So what does this card actually do? It allows access to a diverse schedule of special events hosted by the City of Paris such as concerts, guided visits of municipal services and sights such as the Hôtel de Ville, official launches and sporting events, educational workshops and other interesting ways of making Parisians feel like they’re a part of the local community, and of course it’s also a way for City Hall to show off all the ways they’re working for the people of Paris (the entire spring schedule is already posted online).

The cards will be given automatically to school kids, but you can get yours by simply filling out the form online. Note: this card has nothing to do with the French naturalization process and has no legal value. 


How to Avoid Lines at the Paris Catacombes 

The Paris Catacombes are known for their long waiting lines. No one likes wasting time in lines, right? A popular misconception is that going “early” is the best tactic to avoid lines. When I run past in the morning at 9am – a full hour before they open – there are already at least a dozen people standing in front of the door. They have guaranteed they’ll be waiting an hour to get in. That’s just absurd.

As I’ve mentioned before, almost everyone goes to the museums first thing in the morning. That means the best time to go is in the afternoon, two hours before closing time is optimal. And since 2014 the Catacombes have extended their opening hours to 8pm, with the last entrance at 7pm, you have plenty of time if you go right around 6pm. In fact, the official website even recommends visiting Tuesday through Friday after 3pm for the shortest wait times.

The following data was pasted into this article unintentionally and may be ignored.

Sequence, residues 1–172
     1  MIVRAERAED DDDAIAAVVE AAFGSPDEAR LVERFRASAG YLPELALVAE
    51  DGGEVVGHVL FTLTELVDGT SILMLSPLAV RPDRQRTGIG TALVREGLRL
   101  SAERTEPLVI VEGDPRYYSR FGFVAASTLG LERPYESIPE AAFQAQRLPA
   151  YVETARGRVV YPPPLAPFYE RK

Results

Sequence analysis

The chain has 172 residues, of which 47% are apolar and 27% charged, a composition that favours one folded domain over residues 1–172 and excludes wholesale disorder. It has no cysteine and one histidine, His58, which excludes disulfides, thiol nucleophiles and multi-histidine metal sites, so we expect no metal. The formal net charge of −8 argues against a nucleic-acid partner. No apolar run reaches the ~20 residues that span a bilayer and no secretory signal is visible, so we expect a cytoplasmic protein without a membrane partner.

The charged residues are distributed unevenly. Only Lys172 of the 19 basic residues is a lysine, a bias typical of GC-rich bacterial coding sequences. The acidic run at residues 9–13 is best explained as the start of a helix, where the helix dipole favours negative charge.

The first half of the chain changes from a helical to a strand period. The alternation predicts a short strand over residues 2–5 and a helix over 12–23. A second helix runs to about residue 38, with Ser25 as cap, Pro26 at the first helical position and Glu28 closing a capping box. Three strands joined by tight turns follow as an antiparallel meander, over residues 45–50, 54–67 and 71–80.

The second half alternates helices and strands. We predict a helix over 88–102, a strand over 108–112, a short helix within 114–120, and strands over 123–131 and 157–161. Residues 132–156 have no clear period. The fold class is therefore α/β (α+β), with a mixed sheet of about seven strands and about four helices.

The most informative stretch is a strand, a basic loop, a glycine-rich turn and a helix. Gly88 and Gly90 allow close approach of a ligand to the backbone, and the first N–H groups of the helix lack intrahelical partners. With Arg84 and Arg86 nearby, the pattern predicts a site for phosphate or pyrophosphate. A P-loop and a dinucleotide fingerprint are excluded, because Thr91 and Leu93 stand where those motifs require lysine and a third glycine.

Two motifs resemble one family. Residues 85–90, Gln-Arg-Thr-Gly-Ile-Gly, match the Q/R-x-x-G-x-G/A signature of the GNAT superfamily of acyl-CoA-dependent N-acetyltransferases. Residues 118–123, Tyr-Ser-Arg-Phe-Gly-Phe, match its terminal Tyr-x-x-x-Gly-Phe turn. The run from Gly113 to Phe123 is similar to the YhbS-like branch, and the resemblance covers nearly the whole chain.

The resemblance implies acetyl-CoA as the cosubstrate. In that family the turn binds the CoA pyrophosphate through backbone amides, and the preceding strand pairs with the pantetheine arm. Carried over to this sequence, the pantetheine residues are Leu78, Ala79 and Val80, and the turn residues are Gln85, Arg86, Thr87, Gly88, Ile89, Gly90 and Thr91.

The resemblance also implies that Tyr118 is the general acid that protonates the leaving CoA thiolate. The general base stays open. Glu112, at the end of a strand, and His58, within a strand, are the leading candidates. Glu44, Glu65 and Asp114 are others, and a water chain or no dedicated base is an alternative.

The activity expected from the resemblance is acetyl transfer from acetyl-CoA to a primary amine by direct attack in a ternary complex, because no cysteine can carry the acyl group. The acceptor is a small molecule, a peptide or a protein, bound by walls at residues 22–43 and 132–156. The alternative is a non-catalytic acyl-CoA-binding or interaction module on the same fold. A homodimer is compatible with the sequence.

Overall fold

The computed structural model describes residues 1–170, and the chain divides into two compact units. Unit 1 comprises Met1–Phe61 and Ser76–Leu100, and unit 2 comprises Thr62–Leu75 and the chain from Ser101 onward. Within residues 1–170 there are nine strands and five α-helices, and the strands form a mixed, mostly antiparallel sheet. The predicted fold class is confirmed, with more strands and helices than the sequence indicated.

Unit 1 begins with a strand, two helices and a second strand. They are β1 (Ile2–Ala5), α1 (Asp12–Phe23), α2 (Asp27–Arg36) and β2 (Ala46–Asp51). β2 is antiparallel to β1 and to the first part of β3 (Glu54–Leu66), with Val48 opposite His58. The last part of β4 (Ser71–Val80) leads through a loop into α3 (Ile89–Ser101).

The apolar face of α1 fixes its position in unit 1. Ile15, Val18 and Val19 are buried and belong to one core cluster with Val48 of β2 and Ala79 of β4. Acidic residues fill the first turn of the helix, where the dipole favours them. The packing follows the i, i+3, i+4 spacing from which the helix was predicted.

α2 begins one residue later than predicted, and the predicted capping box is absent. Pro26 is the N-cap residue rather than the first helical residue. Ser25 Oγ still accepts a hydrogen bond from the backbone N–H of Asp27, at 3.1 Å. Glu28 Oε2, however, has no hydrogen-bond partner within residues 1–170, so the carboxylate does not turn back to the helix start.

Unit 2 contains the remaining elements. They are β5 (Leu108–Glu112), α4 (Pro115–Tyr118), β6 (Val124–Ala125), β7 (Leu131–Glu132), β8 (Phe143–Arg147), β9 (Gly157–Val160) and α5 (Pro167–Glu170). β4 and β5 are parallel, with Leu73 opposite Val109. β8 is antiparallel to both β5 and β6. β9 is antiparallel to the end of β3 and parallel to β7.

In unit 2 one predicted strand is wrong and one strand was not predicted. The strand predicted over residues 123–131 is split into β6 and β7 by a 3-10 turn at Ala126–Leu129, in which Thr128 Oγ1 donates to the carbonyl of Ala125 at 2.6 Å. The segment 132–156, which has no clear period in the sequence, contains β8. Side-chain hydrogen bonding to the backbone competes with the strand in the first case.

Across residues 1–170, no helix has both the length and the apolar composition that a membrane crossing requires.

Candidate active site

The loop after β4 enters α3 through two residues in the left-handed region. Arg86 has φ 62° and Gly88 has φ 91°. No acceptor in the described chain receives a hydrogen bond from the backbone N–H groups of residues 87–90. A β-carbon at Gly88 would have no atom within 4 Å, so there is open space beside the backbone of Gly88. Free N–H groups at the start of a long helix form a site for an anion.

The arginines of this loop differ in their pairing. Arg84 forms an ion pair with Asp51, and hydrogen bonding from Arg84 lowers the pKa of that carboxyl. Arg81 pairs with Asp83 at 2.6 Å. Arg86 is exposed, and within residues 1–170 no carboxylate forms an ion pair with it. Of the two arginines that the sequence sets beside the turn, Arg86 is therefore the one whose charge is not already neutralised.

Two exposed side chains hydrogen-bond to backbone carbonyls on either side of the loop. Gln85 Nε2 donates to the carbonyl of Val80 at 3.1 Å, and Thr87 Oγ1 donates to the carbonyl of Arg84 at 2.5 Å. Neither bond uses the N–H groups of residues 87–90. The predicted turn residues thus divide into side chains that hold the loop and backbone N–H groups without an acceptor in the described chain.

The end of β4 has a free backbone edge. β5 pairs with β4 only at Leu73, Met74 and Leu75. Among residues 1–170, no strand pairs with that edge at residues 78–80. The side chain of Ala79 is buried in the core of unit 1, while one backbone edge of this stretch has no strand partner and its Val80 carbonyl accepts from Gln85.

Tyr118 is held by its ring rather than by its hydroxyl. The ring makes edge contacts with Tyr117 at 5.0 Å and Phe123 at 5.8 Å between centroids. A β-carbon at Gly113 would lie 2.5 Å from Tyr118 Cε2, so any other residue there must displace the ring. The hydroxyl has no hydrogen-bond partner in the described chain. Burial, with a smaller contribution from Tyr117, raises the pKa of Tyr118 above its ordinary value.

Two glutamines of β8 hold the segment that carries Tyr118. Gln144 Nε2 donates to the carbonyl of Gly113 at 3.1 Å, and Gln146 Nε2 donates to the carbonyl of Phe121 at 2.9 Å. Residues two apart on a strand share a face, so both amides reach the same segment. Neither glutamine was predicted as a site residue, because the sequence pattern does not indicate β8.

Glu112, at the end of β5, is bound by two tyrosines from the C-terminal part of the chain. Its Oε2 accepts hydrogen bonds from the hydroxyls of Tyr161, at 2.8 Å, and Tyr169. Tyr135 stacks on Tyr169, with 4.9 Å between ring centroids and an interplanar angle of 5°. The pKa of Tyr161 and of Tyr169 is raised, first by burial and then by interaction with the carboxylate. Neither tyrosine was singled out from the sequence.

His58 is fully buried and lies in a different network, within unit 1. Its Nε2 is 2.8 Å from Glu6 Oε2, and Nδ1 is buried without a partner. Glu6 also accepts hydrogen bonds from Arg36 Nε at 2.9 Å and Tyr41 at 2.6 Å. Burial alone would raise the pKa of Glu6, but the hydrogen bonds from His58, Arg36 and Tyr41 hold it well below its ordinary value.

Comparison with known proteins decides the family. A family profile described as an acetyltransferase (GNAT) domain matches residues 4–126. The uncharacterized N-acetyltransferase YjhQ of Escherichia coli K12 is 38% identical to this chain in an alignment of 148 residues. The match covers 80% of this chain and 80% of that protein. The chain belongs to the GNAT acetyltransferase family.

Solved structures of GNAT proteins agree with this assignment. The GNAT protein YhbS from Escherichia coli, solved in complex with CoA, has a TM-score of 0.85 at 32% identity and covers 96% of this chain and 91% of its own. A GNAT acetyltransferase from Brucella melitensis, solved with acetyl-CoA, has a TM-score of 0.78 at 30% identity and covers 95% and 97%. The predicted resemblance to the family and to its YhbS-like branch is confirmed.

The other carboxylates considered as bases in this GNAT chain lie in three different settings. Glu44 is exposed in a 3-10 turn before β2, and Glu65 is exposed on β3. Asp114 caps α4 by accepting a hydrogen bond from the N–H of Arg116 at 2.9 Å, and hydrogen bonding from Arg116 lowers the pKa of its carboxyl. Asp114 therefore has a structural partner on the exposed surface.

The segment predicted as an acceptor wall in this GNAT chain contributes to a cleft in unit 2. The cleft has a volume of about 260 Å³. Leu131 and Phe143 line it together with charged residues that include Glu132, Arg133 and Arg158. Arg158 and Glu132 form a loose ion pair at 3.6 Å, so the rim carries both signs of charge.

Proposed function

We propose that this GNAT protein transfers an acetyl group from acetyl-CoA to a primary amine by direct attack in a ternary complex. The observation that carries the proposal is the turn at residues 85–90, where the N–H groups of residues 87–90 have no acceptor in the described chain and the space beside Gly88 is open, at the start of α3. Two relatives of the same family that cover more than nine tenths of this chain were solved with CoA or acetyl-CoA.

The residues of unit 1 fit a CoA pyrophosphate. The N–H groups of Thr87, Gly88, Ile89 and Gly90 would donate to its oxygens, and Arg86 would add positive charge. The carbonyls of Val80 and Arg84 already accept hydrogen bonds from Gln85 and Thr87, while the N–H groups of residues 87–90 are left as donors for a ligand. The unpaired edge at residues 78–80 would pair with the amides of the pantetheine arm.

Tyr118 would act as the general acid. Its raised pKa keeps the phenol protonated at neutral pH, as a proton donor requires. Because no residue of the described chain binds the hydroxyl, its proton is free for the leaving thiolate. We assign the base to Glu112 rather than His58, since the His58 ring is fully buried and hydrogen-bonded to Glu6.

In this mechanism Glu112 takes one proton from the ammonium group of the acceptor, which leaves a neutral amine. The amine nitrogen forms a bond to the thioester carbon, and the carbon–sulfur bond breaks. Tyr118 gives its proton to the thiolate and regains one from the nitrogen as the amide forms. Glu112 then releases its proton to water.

But let’s say you just can’t take a chance on waiting for even a few minutes, so you want to purchase a “skip the line” ticket for a specific time. Up until now the only option was to book a group tour through one of the many tour operators selling tickets for €48-€85 per person. I usually tell people it’s not worth it for that price, considering the actual entrance price is only €12, and the audio guide an additional €5. There's another option you won't find on TripAdvisor or Viator. 

Best-Value Catacombes Skip the Line Tickets

To save money (or avoid being in a “group”, which I know many of the Secrets of Paris readers hate), you can now actually book your tickets in advance through the official Paris Municipal Museums website for just €27 per person (kids 5-17 years old are €5), including audio-guide in several languages. There are two catches: the only booking times available are Wednesday-Friday 3pm, 4pm, 5pm or 6pm. And the ticketing site is only in French (you have to create an “account” with your name and address before purchasing tickets). So you have to work for that discount, but it’s worth it if you’d rather spend those extra euros on a nice dinner afterwards!

Paris Catacombes
1 Avenue du Colonel Henri Rol-Tanguy (Place Denfert-Rochereau), 14th 
Metro/RER Denfert-Rochereau 
Opening hours are Tuesday-Sunday 10am-8pm.

Tip: To find the entrance look for the little green building in the center of the intersection. If you can’t see it when exiting the metro, look for the huge lion statue in the center of the square: his left ear is pointing to the entrance.

Warning: there are no bathrooms, no coat or bag check, a lot of stairs…and a lot of bones. But you no longer need flashlights, the lighting was completely redone a few years ago.